Summary: After leaving NASCAR Nation to wonder for five years if anyone else would ever snap his championship streak, Johnson spent most of 2012 trying to rekindle the magic after a 2011 season that was the worst of his career. He came close, but in the end, Johnson and Co. had nobody but themselves to blame for a title slipped away.
Johnson’s season opened under the scrutiny of NASCAR and the suspicion of race fans after a visual inspection at Daytona revealed a C-post on the car that “didn’t look right” in the words of a NASCAR official. That brought a hefty penalty, though the car never took to the track, costing Johnson 25 points before he had earned any and a six-week suspension for Knaus. The fine and suspension were later overturned on appeal, most likely because the car was never actually inspected. Daytona didn’t get any better for Johnson, who was involved in a lap 2 crash triggered by Elliott Sadler. One race, one DNF.
Things improved after that; Johnson never finished worse than 12th in the next eight races, which included four top-4 finishes. A blown engine at Talladega ended that streak for Johnson: ten races, two DNF’s.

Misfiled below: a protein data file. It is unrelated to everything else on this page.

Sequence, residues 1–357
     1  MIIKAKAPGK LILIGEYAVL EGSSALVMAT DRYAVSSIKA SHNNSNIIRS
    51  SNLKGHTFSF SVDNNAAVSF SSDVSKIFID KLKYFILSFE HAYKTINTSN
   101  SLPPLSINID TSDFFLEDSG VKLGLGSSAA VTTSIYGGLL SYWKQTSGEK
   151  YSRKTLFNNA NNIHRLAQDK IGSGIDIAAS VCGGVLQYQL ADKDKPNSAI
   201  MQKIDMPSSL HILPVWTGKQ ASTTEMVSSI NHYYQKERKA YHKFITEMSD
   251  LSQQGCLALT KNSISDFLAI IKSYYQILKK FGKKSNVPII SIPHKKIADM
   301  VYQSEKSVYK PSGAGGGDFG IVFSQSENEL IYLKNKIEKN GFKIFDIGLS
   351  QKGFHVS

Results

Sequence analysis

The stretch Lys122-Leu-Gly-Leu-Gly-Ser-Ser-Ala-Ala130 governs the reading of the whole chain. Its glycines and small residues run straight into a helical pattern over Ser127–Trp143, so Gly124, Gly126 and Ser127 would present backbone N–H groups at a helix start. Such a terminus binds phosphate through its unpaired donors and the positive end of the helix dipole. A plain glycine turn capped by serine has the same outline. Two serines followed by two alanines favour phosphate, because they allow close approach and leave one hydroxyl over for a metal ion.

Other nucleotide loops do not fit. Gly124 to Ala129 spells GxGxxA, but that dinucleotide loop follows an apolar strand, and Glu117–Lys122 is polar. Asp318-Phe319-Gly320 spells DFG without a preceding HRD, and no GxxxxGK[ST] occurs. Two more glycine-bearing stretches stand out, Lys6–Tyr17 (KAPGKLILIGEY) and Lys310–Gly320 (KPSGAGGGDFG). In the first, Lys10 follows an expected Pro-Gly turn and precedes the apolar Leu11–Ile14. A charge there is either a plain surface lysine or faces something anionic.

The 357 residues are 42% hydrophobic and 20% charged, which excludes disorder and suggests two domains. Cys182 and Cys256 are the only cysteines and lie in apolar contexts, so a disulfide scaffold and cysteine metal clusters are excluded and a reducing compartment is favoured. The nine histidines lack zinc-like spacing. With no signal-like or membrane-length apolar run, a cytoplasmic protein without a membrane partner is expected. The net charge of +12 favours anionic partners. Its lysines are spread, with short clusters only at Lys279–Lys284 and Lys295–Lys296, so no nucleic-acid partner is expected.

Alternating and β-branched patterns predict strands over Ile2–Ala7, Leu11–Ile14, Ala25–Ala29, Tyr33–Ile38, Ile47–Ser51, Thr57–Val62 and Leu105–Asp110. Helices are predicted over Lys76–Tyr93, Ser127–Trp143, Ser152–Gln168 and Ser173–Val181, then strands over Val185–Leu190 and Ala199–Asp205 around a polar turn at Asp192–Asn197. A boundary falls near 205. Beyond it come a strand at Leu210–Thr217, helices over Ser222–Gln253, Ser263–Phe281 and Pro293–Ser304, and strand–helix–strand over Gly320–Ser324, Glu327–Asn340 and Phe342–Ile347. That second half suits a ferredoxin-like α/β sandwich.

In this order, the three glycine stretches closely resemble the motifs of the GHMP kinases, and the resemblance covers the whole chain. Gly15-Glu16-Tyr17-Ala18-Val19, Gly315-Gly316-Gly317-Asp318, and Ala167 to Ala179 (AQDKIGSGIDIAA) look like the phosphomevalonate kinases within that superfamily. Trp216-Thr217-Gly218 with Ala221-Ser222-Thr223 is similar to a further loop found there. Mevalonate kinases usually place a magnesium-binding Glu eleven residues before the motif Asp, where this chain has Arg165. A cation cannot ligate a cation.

Johnson put Talladega firmly in his rear view the following week, winning at Darlington. That set off another streak of top finishes, including an All-Star victory and a win at Dover. In the six race stretch from Darlington t Sonoma, Johnson finished outside the top 5 just once, with an 11th-place effort at Charlotte. But then came Daytona;s summer race, where Johnson was again caught up in a multi-car crash, this time at lap 123. Three restrictor-plate races, three DNF’s.
And as he had done twice before, Johnson shook off that finish and finished third at Watkins Glen two weeks later, a career best. But his engine couldn’t hold up at Michigan, and Johnson’s early exit came with an uncharacteristic refusal to talk about it. Four races past halfway, four DNF’s.
Johnson bounced back with a runner-up result at Bristol, but a crash at Atlanta again ended his day early. Five DNF’s.